Innistrad: Crimson Vow just hit Standard about a week ago, and some cards have definitely made their presence known. Today, I’ll be counting down the top 10 best Crimson Vow cards for Standard, whether they’re already making an impact or could have implications in the future.
Sorin hasn’t really found its place yet either, but if it gets some good support, I’m sure we will start seeing more of him. Right now, black is just a bit too behind all the other colors and on the four mana slot loses pretty badly to cards like Esika’s Chariot, but planeswalkers that can defend themselves and have a plus ability that gives you card advantage are always something to keep an eye on.
I apologize to everyone who read my preview articles. I thought Chandra’s +1 deals damage to creatures as well, which made me think the card was extremely powerful. Turns out it only shoots players and planeswalkers, which makes it a lot worse, but if red gets some good more aggressive early drops, Chandra would be the perfect card for a mono-red deck. The problem is getting a strong board position early, which red currently doesn’t do very well. It feels like every other color gets busted creatures like Werewolf Pack Leader, Old-Growth Troll or Thalia, Guardian of Thraben, but red has to settle for its first playable one-mana creature in a really long time.
This might be the most underrated card of the entire set. It hasn’t really found its way into any deck, but I suspect we will be seeing it a lot in the future. Remember Jace, Vryn’s Prodigy? That card also didn’t looked that great at the beginning and it ended up being one of the absolute best cards in Standard.
I picked Valorous Stance over Abrade because three damage doesn’t kill the important creatures in the format – creatures like Smoldering Egg, Esika’s Chariot, Goldspan Dragon, Anje, Maid of Dishonor and Hullbreaker Horror, just to name a few. Valorous Stance deals with all of them and you can use it proactively as a way to save your creature against removal if you happen to get paired against a deck with no creatures, which is quite relevant.
Mono-Green desperately needed a high power one-drop and Ascendant Packleader fills this role perfectly. It attacks for two on turn two, helps trigger Werewolf Pack Leader early and can even grow bigger in the midgame, which is another nice bonus.
Probably my favorite card of the new set, which fits really well into Izzet Dragons, but also into decks like Mono-Red Aggro. It obviously works best with cards like Alrund’s Epiphany, but even red offers some nice free DFC spells like Shatterskull Smashing.
Syncopate is a solid counterspell that fits into just about every deck that’s looking for a cheap permission spell that isn’t dead in the late game. I think we’re going to see a lot more of it when the double-faced cards rotate out of Standard and we won’t be able to play Jwari Disruption anymore.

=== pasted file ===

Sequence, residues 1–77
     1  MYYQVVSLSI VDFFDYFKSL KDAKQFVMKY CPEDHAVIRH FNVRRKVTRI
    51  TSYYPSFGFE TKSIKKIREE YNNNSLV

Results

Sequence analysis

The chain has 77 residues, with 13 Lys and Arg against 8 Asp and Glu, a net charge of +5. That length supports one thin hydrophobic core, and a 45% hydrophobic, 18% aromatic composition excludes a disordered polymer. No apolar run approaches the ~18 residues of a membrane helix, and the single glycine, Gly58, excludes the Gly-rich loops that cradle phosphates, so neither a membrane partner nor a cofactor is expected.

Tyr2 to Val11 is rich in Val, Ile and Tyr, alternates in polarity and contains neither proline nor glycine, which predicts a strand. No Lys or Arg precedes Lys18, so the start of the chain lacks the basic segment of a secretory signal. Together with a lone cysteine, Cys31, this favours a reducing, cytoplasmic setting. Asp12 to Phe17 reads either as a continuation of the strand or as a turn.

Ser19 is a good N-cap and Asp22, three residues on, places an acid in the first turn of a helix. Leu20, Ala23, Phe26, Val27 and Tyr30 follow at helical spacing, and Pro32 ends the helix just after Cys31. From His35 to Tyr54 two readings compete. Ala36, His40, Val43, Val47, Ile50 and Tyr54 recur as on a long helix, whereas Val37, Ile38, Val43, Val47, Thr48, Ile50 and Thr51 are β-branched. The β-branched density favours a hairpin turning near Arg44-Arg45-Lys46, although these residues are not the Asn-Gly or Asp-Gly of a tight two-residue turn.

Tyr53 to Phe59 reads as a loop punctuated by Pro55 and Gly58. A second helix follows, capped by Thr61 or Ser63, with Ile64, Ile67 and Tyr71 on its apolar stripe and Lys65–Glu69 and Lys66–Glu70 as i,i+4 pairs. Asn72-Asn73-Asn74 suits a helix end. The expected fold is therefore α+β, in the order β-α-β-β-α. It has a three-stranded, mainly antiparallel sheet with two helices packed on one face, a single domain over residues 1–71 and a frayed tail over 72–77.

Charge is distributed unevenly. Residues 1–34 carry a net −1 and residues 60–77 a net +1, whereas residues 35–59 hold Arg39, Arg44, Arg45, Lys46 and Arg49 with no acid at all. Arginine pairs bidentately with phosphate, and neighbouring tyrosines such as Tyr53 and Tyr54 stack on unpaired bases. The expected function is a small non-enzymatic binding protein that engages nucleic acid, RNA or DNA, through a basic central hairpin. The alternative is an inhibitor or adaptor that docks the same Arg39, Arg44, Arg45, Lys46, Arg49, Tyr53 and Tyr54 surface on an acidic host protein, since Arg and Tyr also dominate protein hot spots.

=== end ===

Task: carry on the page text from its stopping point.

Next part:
In a planeswalker world, creature removal spells like Doom Blade just don’t really cut it anymore most of the time. You get paired against a control deck and all of the sudden your removal does nothing. Hero’s Downfall is a great all-around removal spell that’s never going to be dead against any deck. It’s instant speed, has no creature type restriction like Power Word Kill and deals with planeswalkers too. We live in a world where threats are a lot better than answers, but Hero’s Downfall is one of the better ones.
Possibly the best card against the Izzet spells decks out of Crimson Vow. A 2/1 first strike for two mana is a decent body, especially in decks like White Weenie where you can make it bigger with Luminarch Aspirant. There are some good answers to it in the format like Spikefield Hazard and Cinderclasm, but it’s the best we have. Mono-White decks had the best win rate in the first week of Crimson Vow Standard and Thalia is likely the reason why.
The other five duals from the “slowlands” cycle make the enemy color pairs mana bases a lot better. Previously, you had to play cards like Frostboil Snarl, but it made for some awkward draws when all you needed was an untapped land and you drew a Snarl. It also forced you to play more basics instead of utility lands like Field of Ruin or creaturelands. The Izzet decks in particular improve a lot with the new U/R dual.
I expected this card to maybe find its way into some sideboards as an anti-control card, but it turns out that it’s a great card for control, too. There are plenty of quality card advantage spells in blue, so it doesn’t even feel like you specifically need to build your deck around it with some weird cards. Memory Deluge provides a steady stream of new cards and having a lot of great double faced land card options also helps in making sure you always have some spells ready.